EDITOR: As a volunteer at the REACH Charter School in Sebastopol, which has a social emotional curriculum encouraging self — awareness and social responsibility, I have been a witness to what really happens when learning trumps punishment. Children at a school that has the ability to implement restorative justice learn to speak honestly and take responsibility for mistakes. All involved have the opportunity to be heard and every one listens to the thoughts and feelings of others involved.
It takes work. A seventh-grader explained it this way: "It was easier to just get detention. Now you have to think about what you have done." That thinking includes how behavior affects others, including those immediately involved: family, the school and the community at large.
This process works with very young children with minor playground arguments, with serious bullying behavior and with even more serious infractions. There is a downside to having the expectation that mistakes can be learning opportunities; that is that it might not be the case in the next school or with adults who have the power to silence or ignore or who believe that punishment works. Restorative justice takes a community.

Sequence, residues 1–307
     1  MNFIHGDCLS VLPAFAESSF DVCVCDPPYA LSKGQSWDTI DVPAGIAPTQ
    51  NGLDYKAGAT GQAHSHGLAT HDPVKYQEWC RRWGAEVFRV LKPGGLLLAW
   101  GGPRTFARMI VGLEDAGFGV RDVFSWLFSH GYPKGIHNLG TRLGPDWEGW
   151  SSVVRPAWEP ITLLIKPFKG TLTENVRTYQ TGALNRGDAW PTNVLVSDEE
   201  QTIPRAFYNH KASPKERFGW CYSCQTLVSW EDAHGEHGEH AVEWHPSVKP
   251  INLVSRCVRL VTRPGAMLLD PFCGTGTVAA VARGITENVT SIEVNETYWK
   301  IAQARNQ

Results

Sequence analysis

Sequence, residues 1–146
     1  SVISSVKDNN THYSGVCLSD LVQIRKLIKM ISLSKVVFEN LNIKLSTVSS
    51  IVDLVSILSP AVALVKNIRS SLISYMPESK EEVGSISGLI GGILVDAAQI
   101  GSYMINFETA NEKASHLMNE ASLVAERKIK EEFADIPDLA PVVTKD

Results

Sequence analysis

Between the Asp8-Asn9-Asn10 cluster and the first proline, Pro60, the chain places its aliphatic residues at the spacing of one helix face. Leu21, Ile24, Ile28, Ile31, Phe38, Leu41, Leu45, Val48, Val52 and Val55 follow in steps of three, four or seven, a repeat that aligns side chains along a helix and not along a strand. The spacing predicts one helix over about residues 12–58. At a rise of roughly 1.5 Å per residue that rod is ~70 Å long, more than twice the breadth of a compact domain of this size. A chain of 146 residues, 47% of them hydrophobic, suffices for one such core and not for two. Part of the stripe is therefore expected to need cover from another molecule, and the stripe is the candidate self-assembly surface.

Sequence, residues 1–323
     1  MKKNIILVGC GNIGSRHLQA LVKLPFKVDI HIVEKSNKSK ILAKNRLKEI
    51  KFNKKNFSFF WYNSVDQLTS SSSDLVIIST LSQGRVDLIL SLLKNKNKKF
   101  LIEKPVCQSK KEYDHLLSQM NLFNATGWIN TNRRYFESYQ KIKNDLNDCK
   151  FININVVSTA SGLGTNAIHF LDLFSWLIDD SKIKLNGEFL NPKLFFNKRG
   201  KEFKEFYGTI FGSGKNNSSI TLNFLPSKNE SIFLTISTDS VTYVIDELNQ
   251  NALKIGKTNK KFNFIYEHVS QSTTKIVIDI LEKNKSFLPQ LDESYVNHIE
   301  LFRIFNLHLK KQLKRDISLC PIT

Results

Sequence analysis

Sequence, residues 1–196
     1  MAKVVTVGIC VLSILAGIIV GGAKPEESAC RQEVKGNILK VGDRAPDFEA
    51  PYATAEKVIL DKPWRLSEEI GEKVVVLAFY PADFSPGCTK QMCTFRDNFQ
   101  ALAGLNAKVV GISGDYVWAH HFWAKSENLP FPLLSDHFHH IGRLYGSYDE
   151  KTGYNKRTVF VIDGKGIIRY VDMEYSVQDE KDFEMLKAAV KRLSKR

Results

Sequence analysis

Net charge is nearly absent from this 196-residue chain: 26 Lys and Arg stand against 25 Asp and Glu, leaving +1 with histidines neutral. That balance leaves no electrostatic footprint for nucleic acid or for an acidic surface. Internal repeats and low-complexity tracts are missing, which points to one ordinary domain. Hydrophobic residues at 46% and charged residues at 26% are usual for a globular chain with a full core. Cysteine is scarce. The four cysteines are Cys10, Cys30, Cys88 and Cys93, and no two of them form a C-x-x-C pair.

EDITOR: I agree with Rabon Seip ("Aging isn't all bad," Letters, Sunday) that your April 6 article "Aging and alone" reinforced the stereotypical useless and non-productive image or our senior years. The article talked about depression due to isolation among elders, many of whom, including me, have lost our spouses.
It need not be dismal at all. The Council on Aging here in Sonoma County has programs that allow one to stay busy and active, and it is healthy and fun. The council's services and connections are available to all of us, and they sponsor the Senior Games in which seniors participate in a variety of activities, in a friendly competition.
I began volunteering in the community right after I retired. Any number of nonprofits would value your help. Check out the Volunteer Center to find a fit for you.